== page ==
The presidential decree which had announced these decisions also stated that in the case of communication breakdown, each paramilitary forces, security and intelligence apparatus must follow its local commander. Most importantly, Saddam also distributed 18 billion US dollars among these decentralized forces, and regions, so that each city could depend on its resources if the Americans surrounded these cities and the communication broke down.
This decision—unprecedented in the history of the Iraqi army—planted the first seeds of decentralized guerrilla warfare against the American troops.
Additionally, in 2003, Saddam opened the Iraqi borders to the foreign fighters from Afghanistan, Syria, Saudi Arabia, Lebanon and Tunisia. The Iraqi National Intelligence Service (NIS) allocated schools and mosques for their accommodation, especially in Al Anbar, Kirkuk, and Tikrit. However, the relations between the Iraqi National Intelligence Service and the foreign fighters predated 2003.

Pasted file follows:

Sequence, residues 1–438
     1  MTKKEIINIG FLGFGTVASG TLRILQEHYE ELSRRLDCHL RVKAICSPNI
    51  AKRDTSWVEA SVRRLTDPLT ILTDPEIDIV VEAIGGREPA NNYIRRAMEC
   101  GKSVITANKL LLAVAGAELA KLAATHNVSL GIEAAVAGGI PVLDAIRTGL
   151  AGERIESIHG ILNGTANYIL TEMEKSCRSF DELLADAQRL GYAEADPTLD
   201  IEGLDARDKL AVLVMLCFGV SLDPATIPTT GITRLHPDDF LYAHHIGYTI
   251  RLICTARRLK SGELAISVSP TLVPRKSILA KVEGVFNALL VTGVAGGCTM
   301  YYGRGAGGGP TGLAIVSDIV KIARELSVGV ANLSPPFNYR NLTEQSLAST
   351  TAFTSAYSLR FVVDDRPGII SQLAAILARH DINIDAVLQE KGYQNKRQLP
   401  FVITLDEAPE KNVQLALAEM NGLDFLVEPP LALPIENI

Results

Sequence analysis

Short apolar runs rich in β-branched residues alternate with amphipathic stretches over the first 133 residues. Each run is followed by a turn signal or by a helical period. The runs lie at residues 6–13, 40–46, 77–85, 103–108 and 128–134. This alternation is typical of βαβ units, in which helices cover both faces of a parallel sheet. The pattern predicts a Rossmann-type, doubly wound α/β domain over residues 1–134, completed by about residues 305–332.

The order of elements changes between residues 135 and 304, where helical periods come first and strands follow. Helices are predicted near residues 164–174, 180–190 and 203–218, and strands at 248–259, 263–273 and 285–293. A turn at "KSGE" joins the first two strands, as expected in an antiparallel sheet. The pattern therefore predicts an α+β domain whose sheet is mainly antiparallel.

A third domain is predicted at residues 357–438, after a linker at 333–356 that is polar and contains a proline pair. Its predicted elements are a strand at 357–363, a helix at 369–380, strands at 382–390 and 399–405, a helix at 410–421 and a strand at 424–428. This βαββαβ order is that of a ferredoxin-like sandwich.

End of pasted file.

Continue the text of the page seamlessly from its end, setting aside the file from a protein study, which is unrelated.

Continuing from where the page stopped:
In 2001, it helped al-Qaeda fighters who escaped from Afghanistan through Iran to establish their camps in the difficult terrain of the Kurdistan Region in the border city of Biyara in the province of Sulaimani. These camps were the core of “Ansar al-Islam Group”, the first branch of al-Qaeda in Iraq.
The Iraqi government used the terrorist group as a tool to counter the Kurdish political parties’ control of the Kurdistan Region. The Iraqi NIS had also received al-Qaeda’s top experts in making bombs, and in conducting suicide-bombing missions. One Iraqi intelligence officer confirmed that among these Afghan Arabs were, “a number of the best experts in suicide and car bombings, and even in making chemical weapons, and the former regime had opened for them a number of camps near Baghdad to train and host.”
Another aspect of the final years of Saddam’s reign, which contributed to the Islamization of some groups within the Iraqi Army— also within the Ba’athists and the paramilitary forces of Fedayeen Saddam and al-Quds Army—was Saddam’s “Faith campaign”.